How is Ewing's Sarcoma Diagnosed?



This information has been written for patients, their families and friends and the general public to help you understand more about how Ewing's sarcoma is diagnosed. The information looks at the tests that may be carried out and where they will be done.

Going to the doctor

People report a variety of experiences when they seek medical advice about their symptoms. Most people with worrying symptoms go to their General Practitioner (GP). Some people are referred quickly for further tests or a second opinion, but often patients have to return to their GP at least three or four times. Primary Bone Cancers are very rare and many GPs will never come across a case. The symptoms of Ewing's sarcoma are general and one of the symptoms, pain, may be suspected of being 'growing pains' or a sports injury at the first visit. This is probably because most people with Ewing's sarcoma are between 10 and 20 years old, and this is an age when a lot of people take part in sports.

The Bone Cancer Research Trust is trying to find ways to make the time between the start of symptoms and getting the diagnosis, much shorter. This is not a simple task and currently there is only a small amount of research on the subject. However, BCRT are hoping to fund more research and have recently put out a call for research proposals aimed at finding out why delays in diagnosis can occur, and what could be done to improve the time to diagnosis.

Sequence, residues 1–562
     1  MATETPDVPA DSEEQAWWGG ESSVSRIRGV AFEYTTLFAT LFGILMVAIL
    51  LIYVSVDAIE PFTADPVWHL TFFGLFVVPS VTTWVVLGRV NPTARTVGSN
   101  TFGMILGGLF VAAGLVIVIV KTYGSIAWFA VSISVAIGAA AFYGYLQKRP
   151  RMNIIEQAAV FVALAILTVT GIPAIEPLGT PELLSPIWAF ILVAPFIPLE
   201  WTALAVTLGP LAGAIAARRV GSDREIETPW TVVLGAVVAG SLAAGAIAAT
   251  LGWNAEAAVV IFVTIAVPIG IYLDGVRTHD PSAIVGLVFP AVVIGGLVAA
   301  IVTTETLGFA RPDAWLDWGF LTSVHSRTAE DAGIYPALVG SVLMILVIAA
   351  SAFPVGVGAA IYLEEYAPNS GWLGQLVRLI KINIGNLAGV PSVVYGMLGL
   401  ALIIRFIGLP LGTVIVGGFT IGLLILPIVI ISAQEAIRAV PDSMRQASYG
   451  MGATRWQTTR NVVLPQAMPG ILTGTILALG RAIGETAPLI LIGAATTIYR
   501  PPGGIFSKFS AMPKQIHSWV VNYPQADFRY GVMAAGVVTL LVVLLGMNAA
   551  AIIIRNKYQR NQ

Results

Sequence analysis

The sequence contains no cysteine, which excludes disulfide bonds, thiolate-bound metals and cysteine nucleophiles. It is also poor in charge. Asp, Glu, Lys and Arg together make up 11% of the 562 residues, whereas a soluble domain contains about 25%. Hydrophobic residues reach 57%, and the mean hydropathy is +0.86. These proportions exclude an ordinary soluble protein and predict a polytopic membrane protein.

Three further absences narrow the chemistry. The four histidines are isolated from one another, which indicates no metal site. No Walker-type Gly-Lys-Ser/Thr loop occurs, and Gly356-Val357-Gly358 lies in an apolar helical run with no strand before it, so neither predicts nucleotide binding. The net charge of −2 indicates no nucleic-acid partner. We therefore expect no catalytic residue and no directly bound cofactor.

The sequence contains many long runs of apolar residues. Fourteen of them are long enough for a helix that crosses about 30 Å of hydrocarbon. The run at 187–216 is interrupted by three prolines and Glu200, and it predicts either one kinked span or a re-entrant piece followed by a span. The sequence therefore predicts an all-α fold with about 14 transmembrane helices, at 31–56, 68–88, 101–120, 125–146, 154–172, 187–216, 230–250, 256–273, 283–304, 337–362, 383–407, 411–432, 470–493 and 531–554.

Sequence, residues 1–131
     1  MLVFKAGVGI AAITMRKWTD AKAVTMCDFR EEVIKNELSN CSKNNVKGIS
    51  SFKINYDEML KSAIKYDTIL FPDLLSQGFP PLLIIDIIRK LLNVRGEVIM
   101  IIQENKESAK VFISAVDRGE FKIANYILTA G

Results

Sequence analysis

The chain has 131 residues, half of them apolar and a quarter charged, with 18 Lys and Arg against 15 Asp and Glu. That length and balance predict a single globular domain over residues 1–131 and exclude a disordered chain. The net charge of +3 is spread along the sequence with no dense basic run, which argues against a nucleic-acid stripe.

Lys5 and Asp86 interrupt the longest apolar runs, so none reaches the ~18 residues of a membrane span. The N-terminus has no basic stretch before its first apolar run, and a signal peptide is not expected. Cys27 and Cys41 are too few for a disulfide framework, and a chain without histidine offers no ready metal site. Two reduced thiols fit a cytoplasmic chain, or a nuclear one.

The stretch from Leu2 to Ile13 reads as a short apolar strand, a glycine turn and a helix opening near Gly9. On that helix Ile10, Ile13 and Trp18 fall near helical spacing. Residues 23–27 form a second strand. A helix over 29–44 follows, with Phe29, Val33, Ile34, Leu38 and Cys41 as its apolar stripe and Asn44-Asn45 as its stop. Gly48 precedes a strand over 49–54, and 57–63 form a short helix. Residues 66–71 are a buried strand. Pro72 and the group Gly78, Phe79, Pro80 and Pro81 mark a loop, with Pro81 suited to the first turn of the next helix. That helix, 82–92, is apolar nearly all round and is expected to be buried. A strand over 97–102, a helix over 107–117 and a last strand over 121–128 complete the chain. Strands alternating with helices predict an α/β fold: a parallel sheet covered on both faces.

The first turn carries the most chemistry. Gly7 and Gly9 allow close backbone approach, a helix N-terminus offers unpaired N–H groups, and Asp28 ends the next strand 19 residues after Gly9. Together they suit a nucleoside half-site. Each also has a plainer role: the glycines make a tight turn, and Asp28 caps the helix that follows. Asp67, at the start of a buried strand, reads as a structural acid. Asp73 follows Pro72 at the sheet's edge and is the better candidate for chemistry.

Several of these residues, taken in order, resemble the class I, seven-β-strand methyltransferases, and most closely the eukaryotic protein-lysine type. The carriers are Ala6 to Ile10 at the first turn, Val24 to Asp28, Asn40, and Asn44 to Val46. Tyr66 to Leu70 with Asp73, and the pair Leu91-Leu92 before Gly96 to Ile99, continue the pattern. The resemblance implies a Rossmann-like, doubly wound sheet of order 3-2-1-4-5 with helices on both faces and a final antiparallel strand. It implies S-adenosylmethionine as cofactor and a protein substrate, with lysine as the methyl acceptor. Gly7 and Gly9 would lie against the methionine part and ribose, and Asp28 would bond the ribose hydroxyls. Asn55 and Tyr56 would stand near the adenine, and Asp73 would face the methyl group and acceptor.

Some patients go to their local hospital emergency department (A&E) or other health care centres. There is no scientific evidence available to examine whether patients presenting to their A&E are diagnosed any faster than patients who go to their GP. This is also an area where research is needed.

If a GP or doctor is concerned about the patient's symptoms, there are national guidelines that they should follow.

Box 1. National Institute of Clinical Excellence (NICE) Guidelines

According to the National Institute for Clinical Excellence (NICE) guidelines for suspected bone cancer and sarcoma:

  • If a primary healthcare professional has concerns about the interpretation of a patient's symptoms and/or signs, a discussion with the local specialist should be considered.

  • A patient who presents with symptoms suggesting bone cancer or sarcoma should be referred to a team specializing in the management of bone cancer and sarcoma, or to a recognized bone cancer centre, depending on local arrangements.